Maryland fracking opponents are pushing hard for a state law to prohibit the controversial gas-extraction method, but lawmakers seem more likely to extend the existing moratorium on the practice during the upcoming legislative session.
Advocates for a ban expect resistance from Sen. Joan Carter Conway (D-Baltimore), who chairs a committee that oversees environmental affairs and has stopped previous attempts to prohibit the drilling technique, also known as hydraulic fracturing.
Activists, expecting a major fight over the issue during the lawmaking session that begins Jan. 11, have spent the past few months putting pressure on Conway and Senate President Thomas V. Mike Miller Jr. (D-Calvert), including by holding demonstrations in each of their districts.
But with Conway showing no signs of changing her position, and Gov. Larry Hogan (R) saying for years that he supports fracking with strict safeguards in place, even the staunchest supporters of a ban are preparing for compromise.
Sen. Robert A. Zirkin (D-Baltimore County), who has promised to sponsor a bill to ban fracking, said he would accept a moratorium as a last resort to stop the drilling practice, which is already prevalent in West Virginia and Pennsylvania, from moving into Maryland.
Zirkin said he would consider trying to steer a bill proposing a ban through the Senate Judicial Proceedings Committee, which he chairs, to allow the full Senate to vote on the issue.
“I believe this should and will get to the floor in one form or another,” he said. “This issue is not going away quietly.”
Fracking, which involves injecting sand and chemicals deep into the ground to break up rock and release natural gas, could bring jobs and economic benefits to western Maryland, where drilling is most likely to occur. But opponents say it contaminates drinking water and can cause earthquakes and environmental damage, particularly when wastewater from the process is pumped back into the ground.
In 2015, the legislature approved a two-year moratorium on fracking and ordered the state environmental department to draft regulations for the practice. The hold ends in October, and the Hogan administration proposed its guidelines this fall, creating a sense of urgency among fracking opponents.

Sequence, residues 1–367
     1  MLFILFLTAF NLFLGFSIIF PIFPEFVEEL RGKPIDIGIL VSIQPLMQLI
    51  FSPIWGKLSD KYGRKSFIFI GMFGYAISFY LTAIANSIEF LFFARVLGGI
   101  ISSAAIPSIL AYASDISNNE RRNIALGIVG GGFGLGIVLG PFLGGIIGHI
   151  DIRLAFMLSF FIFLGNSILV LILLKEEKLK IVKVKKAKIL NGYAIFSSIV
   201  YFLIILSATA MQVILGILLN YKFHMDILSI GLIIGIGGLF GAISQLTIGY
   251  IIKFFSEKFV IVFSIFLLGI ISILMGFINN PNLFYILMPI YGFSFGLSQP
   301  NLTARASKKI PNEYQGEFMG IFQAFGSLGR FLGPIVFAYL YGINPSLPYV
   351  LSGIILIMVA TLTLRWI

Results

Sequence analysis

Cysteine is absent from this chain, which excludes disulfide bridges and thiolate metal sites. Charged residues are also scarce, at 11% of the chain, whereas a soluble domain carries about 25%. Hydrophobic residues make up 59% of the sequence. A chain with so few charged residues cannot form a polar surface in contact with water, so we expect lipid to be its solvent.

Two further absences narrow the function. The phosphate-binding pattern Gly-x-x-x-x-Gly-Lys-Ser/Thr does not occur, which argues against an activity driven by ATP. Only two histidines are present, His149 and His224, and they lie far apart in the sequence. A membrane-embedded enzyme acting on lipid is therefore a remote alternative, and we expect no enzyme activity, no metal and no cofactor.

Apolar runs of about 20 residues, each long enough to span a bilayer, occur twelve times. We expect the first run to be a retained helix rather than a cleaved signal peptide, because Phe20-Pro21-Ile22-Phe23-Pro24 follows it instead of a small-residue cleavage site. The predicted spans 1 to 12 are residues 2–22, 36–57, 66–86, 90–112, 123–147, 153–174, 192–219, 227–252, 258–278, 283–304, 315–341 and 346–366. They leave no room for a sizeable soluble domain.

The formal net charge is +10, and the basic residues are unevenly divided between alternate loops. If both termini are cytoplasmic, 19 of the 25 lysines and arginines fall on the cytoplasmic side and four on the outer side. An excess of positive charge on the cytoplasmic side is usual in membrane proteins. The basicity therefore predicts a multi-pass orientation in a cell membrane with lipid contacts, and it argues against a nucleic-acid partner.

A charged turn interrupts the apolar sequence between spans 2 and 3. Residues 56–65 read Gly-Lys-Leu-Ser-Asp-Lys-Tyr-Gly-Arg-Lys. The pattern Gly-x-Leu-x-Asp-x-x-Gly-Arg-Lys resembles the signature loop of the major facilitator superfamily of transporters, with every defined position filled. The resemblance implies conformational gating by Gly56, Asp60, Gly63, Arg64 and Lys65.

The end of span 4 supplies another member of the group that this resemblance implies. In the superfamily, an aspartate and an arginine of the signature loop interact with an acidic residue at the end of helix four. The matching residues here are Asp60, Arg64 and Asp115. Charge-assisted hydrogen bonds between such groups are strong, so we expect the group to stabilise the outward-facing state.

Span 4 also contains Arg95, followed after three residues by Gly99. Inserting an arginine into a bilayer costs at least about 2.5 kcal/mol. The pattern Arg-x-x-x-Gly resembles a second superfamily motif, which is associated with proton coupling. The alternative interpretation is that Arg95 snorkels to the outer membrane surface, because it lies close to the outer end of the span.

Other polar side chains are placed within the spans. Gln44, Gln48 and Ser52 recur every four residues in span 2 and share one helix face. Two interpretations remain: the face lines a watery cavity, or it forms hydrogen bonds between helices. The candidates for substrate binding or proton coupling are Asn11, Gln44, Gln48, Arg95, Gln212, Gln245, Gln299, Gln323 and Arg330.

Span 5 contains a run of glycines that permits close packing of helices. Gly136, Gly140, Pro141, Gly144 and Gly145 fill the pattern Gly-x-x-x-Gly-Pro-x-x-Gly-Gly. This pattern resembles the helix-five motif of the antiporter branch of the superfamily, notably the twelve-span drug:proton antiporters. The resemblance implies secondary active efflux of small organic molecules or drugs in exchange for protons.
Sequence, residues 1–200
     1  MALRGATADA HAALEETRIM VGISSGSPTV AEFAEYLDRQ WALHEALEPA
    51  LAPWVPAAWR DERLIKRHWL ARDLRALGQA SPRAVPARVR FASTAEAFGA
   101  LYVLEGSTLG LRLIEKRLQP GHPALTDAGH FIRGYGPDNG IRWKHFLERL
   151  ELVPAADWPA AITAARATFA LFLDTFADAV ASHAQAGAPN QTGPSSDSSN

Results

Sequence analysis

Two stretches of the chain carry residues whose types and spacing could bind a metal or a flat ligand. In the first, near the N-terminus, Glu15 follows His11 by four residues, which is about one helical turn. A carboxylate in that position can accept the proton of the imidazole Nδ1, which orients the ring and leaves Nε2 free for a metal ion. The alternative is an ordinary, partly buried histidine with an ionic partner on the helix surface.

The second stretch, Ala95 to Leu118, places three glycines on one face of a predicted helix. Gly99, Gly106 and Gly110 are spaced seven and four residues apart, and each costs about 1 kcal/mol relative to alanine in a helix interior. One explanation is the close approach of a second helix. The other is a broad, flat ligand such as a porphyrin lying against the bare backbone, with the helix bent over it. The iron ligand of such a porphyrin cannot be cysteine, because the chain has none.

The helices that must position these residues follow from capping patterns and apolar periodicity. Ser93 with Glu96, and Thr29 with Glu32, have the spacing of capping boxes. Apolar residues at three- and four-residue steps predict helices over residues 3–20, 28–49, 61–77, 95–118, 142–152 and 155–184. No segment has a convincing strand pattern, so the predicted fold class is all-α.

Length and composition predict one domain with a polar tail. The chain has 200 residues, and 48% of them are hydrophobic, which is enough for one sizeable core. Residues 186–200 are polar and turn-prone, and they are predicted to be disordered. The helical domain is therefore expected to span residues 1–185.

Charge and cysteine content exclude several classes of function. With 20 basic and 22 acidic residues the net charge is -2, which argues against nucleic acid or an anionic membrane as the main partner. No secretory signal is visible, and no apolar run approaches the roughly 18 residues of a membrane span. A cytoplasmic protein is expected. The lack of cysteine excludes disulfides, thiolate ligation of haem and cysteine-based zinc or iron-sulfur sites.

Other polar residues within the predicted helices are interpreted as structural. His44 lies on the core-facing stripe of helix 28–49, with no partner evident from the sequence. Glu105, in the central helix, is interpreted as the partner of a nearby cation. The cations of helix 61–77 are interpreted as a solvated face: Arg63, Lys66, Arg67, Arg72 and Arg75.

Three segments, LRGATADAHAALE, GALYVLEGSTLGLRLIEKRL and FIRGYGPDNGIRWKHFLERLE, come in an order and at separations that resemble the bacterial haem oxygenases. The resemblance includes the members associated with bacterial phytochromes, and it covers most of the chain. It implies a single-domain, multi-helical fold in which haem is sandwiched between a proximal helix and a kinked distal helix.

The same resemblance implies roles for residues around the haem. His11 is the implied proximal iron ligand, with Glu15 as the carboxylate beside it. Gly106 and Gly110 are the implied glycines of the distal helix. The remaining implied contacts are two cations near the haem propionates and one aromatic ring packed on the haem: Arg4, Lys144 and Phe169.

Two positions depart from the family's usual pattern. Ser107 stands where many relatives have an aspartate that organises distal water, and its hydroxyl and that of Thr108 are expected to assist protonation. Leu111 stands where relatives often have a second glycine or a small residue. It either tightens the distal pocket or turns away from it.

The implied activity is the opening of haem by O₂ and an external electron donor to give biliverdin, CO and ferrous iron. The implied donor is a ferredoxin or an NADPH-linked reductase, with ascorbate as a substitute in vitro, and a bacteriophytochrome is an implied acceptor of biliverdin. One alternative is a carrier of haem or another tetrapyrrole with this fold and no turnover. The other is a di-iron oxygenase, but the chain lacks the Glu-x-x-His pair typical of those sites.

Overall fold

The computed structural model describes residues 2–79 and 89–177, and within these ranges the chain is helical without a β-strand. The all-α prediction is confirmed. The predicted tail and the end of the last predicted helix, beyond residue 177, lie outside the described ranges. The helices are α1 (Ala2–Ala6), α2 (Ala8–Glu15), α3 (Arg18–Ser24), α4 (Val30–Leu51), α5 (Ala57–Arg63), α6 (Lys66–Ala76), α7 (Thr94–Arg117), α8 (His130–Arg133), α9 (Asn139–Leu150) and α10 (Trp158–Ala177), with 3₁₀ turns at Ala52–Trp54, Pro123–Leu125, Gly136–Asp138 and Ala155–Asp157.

“It would be the height of legislative malfeasance if we don’t put a stop to this,” Zirkin said. “We’re standing on the edge of a cliff, and if we don’t act this session, we would be jumping off.”
Conway, who did not respond to requests for comment last week, has long questioned whether a ban on fracking is necessary. She opposed efforts to move a ban bill out of her committee in 2015 and worked to amend the moratorium passed that year so it would expire sooner than originally proposed.
Activists working to win over the Baltimore Democrat may have damaged their chances by holding a rally outside her district office last month. Conway told the Daily Record newspaper at the time that she felt “insulted” because the participants did not consult with her before holding the protest.
Del. A. Shane Robinson (D-Montgomery County), who has sponsored past legislation to prohibit fracking, questioned whether the rally made sense strategically. “I’m not against protesting, but I don’t think it helped bring her to the table,” he said.
Activists from the anti-fracking group Food and Water Watch also organized a parade of advocates to speak at a League of Women Voters forum in Miller’s district last month, calling on the Senate president to support a ban. The organization held a rally in Miller’s district last week.
Aeryn Boyd and Kim Alexander, who attended the forum after completing a 313-mile walk across the state to promote a fracking ban, said they met with Miller afterward and he promised to keep an open mind.
“I hope he’ll keep listening,” Boyd said.
Miller’s office declined to comment for this article.
Food and Water Watch organizer Thomas Meyer said his group wants the Senate leader to know that voters in his district are “concerned about fracking and paying attention to what he does on the issue.”
House Speaker Michael E. Busch (D-Anne Arundel) has said little about fracking, largely deferring to Del. Kumar P. Barve (D-Montgomery), a fracking opponent who chairs the chamber’s environmental committee.
Barve said he expects his committee to “move forward decisively” with legislation to either ban fracking or extend the moratorium.
“The majority of people in Maryland want to ban fracking, and I think the majority of legislators on the House side feel the same way,” he said.
Robinson, a member of the House environmental committee, said he will consider sponsoring legislation to ban fracking if no one else on the panel does so. But he expressed doubts about whether such a bill could end up on Hogan’s desk next year.
“I think in all likelihood we’ll end up with a moratorium of some amount of time,” Robinson said.
A Washington Post-University of Maryland poll in September showed that 60 percent of Marylanders oppose fracking, compared with 56 percent in 2015. Sixty-six percent said they think the practice would pose significant risks to the environment, while 43 percent said they think it would provide an economic benefit to the state.
“The more people find out about fracking, the more they’re opposed to it,” Meyer said.
Some businesses in Western Maryland, particularly those associated with tourism, have sided with the anti-fracking movement. But lawmakers from the region say only a small number of residents there oppose the drilling method, and noted that in 2014, the most recent General Assembly elections, voters in western Maryland elected exclusively pro-fracking candidates.
“In general, I think it would be unfair to suggest that there’s been a significant movement of people opposed to fracking in Allegany or Garrett,” said Del. Jason C. Buckel (R-District 1B).